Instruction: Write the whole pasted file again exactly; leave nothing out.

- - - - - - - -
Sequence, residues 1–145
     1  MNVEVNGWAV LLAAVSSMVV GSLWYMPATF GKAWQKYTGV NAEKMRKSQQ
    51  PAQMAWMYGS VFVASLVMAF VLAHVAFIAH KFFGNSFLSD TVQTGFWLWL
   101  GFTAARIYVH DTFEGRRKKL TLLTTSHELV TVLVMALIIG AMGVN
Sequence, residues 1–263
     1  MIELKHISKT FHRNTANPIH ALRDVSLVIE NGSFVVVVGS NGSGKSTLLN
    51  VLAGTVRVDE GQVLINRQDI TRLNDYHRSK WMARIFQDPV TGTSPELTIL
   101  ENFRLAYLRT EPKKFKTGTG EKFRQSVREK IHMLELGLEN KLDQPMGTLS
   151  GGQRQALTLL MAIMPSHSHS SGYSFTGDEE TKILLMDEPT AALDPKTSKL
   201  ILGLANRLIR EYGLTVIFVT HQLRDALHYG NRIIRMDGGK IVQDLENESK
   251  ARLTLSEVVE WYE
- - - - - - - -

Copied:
Sequence, residues 1–145
     1  MNVEVNGWAV LLAAVSSMVV GSLWYMPATF GKAWQKYTGV NAEKMRKSQQ
    51  PAQMAWMYGS VFVASLVMAF VLAHVAFIAH KFFGNSFLSD TVQTGFWLWL
   101  GFTAARIYVH DTFEGRRKKL TLLTTSHELV TVLVMALIIG AMGVN
Sequence, residues 1–263
     1  MIELKHISKT FHRNTANPIH ALRDVSLVIE NGSFVVVVGS NGSGKSTLLN
    51  VLAGTVRVDE GQVLINRQDI TRLNDYHRSK WMARIFQDPV TGTSPELTIL
   101  ENFRLAYLRT EPKKFKTGTG EKFRQSVREK IHMLELGLEN KLDQPMGTLS
   151  GGQRQALTLL MAIMPSHSHS SGYSFTGDEE TKILLMDEPT AALDPKTSKL
   201  ILGLANRLIR EYGLTVIFVT HQLRDALHYG NRIIRMDGGK IVQDLENESK
   251  ARLTLSEVVE WYE